No ‘big-bang’ e-govt consolidation, just some small BOUMs

More strategic planning, less wheel reinvention needed to trim workload, says industry
  • Stephen Bell (Unknown Publication)
  • 12 December, 2006 22:00

Software industry and government representatives say there is a worrying shortage of trained and experienced staff for large-scale ICT developments. However, industry sources say some of the worst effects could be mitigated against by a more strategic and collaborative approach.

This would spread the workload and organise it more logically, and some measure of consolidation of work among agencies would also help, says Chip Dawson, president of Software New Zealand and one of the prime movers of the embryonic industry-wide organisation ICTNZ.

In recent deliberations over government work, it has been suggested that a lot of “reinventing of the wheel” goes on, Dawson says. It is usual for more than one agency to contract for independent development of very similar systems and this appears wasteful.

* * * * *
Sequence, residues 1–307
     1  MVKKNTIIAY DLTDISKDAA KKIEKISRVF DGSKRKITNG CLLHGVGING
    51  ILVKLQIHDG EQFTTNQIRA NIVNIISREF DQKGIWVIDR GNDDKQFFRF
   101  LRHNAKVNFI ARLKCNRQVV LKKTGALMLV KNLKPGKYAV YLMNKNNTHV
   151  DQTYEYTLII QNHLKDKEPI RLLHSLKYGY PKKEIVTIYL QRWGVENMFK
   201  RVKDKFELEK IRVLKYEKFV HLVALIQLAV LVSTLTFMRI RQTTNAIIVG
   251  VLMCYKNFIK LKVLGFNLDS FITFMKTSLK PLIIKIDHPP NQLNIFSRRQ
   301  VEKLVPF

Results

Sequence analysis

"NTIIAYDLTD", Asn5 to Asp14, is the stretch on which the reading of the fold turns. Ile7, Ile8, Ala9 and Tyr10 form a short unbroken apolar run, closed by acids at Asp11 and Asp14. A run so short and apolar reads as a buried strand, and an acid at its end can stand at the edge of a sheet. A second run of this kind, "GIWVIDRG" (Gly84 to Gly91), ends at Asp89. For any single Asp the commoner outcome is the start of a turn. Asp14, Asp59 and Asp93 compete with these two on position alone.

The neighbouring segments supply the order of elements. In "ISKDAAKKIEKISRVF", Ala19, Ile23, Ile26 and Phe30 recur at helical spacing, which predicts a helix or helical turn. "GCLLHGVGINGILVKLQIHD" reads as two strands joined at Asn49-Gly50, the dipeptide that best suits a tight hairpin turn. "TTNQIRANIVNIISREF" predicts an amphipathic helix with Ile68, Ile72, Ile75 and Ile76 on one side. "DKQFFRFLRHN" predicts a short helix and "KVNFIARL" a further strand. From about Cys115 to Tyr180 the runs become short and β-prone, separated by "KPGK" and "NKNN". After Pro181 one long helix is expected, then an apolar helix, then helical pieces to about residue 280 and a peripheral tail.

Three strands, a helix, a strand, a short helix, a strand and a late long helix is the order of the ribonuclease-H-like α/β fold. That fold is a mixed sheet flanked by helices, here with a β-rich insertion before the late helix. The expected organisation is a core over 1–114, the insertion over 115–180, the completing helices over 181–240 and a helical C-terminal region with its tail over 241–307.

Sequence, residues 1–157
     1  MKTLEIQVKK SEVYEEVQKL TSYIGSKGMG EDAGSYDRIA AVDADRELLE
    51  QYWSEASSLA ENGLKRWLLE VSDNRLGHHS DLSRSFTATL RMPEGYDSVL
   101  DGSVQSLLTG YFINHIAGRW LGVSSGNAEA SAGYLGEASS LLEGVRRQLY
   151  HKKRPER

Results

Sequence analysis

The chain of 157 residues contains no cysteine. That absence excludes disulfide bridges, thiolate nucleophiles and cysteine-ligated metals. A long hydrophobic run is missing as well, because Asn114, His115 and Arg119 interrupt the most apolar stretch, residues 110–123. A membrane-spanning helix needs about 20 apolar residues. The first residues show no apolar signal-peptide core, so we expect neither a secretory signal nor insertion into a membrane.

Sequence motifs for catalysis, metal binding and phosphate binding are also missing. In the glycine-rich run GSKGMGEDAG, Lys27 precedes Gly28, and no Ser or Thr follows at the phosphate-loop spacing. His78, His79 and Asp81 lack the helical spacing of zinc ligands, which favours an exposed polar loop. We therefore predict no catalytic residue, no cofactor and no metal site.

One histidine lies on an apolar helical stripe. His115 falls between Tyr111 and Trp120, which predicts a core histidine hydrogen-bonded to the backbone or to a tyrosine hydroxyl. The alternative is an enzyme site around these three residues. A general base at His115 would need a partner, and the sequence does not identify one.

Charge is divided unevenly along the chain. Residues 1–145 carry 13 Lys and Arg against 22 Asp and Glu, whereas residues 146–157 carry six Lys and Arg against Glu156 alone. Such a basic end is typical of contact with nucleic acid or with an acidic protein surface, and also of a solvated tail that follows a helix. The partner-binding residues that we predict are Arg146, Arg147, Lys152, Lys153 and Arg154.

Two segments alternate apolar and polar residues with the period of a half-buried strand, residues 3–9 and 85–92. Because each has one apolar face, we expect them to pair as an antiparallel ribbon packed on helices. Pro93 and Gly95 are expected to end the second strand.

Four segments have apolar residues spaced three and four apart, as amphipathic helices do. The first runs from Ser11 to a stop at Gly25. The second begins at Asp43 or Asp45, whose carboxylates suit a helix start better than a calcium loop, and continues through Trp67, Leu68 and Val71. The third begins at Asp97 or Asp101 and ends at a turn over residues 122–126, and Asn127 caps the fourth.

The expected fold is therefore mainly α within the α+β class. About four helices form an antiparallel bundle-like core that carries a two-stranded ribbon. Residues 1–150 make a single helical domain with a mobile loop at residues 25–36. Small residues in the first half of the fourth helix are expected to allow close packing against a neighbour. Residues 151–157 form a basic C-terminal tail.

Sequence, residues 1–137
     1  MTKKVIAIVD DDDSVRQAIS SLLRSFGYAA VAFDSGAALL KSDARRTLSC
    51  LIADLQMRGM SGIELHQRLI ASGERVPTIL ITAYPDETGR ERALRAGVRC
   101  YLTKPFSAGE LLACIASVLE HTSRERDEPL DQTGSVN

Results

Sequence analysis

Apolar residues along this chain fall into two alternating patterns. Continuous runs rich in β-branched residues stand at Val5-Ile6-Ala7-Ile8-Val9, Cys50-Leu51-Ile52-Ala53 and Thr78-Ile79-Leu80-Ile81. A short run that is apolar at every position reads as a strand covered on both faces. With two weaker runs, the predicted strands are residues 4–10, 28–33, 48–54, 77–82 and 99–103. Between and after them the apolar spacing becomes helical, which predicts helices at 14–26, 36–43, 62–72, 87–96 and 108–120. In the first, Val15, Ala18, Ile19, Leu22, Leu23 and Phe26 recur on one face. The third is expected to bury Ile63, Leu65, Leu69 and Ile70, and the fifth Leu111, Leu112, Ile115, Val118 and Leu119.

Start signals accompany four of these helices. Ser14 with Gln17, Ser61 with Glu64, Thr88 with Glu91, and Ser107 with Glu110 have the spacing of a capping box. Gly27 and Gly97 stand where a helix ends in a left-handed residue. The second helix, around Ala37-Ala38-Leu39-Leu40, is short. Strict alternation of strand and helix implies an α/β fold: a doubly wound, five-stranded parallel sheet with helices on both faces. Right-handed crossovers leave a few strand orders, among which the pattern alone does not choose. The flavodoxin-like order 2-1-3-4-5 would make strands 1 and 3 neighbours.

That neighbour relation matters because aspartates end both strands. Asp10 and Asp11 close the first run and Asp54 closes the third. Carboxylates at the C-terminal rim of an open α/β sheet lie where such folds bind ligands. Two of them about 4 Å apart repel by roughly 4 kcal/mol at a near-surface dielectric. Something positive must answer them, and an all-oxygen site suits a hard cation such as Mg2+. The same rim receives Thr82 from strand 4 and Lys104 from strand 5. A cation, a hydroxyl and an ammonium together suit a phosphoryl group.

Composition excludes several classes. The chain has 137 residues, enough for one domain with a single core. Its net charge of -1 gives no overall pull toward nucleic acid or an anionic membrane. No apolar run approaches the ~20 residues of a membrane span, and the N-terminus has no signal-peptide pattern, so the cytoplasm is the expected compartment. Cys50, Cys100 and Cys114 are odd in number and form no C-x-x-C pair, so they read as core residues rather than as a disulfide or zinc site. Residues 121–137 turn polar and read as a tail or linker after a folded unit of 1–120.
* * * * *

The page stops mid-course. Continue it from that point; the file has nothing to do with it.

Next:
This reflects something of the philosophy of co-ordinated “inputs” espoused by the former CIO of the Australian state of Victoria, Steve Hodgkinson (Computerworld, December 4). He suggested that following consolidation of physical infrastructure, such as is currently being attempted with the Government Shared Network, the logical next step would be for agencies to use the same applications for common purposes such as financials and human resources.

So could this work to reduce the development load?

“I think there are opportunities to share business applications, but not on an all-of-government basis,” says the SSC’s ICT deputy commissioner Laurence Millar. It is easier to see immediate advantage in collaboration among similar organisations, such as district health boards or libraries, but not among agencies whose fields of work are very different.

Some applications, such as authentication, have been designed deliberately on a “build once use many” (BOUM) basis, but for business applications Millar prefers to let consolidation happen “in an organic fashion”, rather than by a “big bang” decreed from the top.